With harmful edits I don't mean minor edits, but edits like this one where there's an issue in the code, and the edit fixes said code. This can cause editors to continue fixing code in questions or answers, and that's very bad.

I've brought up a few edits in the Tavern previously, but I'm not sure if this is the best way to handle these.

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    Wouldn't a (polite) comment informing the editor that his edit is wrong, be more helpful? Unfortunately the reviewers can't be notified this way. – user000001 May 9 '14 at 14:16
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    It's worth noting that if this edit was in an answer the edit would be entirely fine (if the edit is correct from a technical standpoint, something I'm not qualified to judge). It's only a problem because it's in a question. – Servy May 9 '14 at 14:16
  • What's interesting about this is that the answers reflect the original unedited form. Are you absolutely sure that is incorrect? In general, I would recommend against modifying code in a question, as an error there may well be part of the problem the poster is having - I'd point the issue out in a comment or in my answer if I was providing a more complete one. – Chris Stratton May 9 '14 at 14:38
  • I fix errors in code all the time. Who says this is a problem? Just yesterday, I made this edit to an answer, in order for me to be able to upvote it. And this edit. Feel free to report me to a moderator, I suppose. There are plenty more examples in my profile. – Cody Gray May 10 '14 at 0:26
  • It's important not to fix errors in questions, because that can invalidate the question altogether. I've seen questions (admittedly, these were "how do I shot web?" type questions) where fixing the indentation removed the bug the poster wanted help with! And no, they were not Python questions ;-) I'm all for fixing errors in answers, although personally I prefer to point out the problem in comments and let the original poster make the actual edit. – zwol May 10 '14 at 1:01
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    @CodyGray: I think you've misunderstood the problem. The edit that Stijn refers to is an edit to the question: the OP was asking why his/her code didn't work, and someone edited the code so that it did work (but the question still asked why it didn't). – ruakh May 10 '14 at 1:18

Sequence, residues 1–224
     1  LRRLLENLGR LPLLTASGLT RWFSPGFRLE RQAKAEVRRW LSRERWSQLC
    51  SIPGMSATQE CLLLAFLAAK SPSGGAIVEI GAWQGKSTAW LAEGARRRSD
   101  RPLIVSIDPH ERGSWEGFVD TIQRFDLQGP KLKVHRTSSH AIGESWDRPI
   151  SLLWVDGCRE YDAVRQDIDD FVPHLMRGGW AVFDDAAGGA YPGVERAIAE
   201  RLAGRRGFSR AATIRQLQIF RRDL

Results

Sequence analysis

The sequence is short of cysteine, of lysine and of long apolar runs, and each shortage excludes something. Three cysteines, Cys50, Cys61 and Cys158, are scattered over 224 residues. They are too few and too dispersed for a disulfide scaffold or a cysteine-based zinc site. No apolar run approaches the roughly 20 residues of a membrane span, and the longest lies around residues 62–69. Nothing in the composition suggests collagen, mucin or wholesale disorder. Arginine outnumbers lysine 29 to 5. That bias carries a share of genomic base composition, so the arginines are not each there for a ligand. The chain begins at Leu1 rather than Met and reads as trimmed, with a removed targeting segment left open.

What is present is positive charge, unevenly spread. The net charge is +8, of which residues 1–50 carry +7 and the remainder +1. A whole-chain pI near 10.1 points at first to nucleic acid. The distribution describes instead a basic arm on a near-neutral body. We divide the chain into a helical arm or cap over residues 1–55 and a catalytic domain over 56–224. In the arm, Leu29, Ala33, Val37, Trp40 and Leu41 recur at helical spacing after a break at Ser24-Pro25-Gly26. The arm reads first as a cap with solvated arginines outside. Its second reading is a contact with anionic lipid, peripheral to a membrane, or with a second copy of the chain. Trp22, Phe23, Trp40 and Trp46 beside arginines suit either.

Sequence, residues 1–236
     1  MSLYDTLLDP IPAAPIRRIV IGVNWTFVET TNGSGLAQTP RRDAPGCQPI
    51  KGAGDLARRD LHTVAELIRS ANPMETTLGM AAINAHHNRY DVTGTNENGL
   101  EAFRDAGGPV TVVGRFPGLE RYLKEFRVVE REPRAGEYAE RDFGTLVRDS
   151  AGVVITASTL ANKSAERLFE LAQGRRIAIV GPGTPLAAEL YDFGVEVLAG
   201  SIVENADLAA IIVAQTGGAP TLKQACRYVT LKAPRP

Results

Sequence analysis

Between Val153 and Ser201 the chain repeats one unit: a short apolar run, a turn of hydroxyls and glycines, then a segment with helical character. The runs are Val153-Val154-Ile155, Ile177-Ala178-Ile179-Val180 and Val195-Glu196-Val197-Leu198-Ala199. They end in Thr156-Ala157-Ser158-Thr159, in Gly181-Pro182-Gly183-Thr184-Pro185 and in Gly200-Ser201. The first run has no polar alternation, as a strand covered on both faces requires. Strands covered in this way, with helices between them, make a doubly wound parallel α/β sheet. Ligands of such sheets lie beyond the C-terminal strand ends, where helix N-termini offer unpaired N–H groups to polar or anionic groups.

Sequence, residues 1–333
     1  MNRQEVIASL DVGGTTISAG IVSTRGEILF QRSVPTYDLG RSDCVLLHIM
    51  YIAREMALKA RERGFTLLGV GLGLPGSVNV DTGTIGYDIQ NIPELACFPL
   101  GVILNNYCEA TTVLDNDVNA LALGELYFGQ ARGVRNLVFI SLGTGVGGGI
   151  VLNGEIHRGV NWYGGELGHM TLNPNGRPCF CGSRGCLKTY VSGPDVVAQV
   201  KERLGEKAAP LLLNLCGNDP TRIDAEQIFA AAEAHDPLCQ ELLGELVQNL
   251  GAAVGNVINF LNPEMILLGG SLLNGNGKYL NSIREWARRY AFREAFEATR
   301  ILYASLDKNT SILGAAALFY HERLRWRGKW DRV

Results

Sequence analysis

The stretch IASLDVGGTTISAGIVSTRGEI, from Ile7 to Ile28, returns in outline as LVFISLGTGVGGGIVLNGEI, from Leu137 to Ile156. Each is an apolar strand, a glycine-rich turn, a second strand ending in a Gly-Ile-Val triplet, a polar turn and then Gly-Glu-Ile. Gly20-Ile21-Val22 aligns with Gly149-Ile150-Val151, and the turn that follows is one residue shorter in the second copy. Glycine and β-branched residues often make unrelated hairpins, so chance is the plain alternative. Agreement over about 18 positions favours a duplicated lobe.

• Yes, I missed that the first time around. I later noticed. I think it bears qualification. There is a harmful sentiment some people seem to espouse regarding editing code in answers. Obviously questions are an entirely different case. – Cody Gray May 10 '14 at 2:15
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    'Tis interesting that both the answers contain the typo that was 'fixed' in the question by the flawed edit. – Jonathan Leffler May 11 '14 at 19:43

Flag the post in question, and explain the situation using a custom flag. The moderator can then investigate the reviewers and take whatever action they feel is warranted.

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    Definitely consider integrating your comment (above) in your answer. Editing code in questions is not a good idea. Editing code in answers to fix obvious mistakes is a great idea. There's no point leaving a comment nagging someone to fix a typo. – Cody Gray May 10 '14 at 0:28
  • @CodyGray Unless it's a typo for an unused language where it can't be expected for a reviewer to evaluate it's technical accuracy. – bjb568 May 10 '14 at 4:20
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    Meh, it just has to wait for the right reviewer. Maybe the poster herself. The Skip button is there for a reason. If you're really improving the answer, you should be encouraged to edit, obscure specialty or not. – Cody Gray May 10 '14 at 5:11
  • @CodyGray The example is just that; an example. Discussing it here would simply be a distraction from the actual question. I don't want this to turn into a debate over when and how one should be editing code in posts. – Servy May 12 '14 at 13:53

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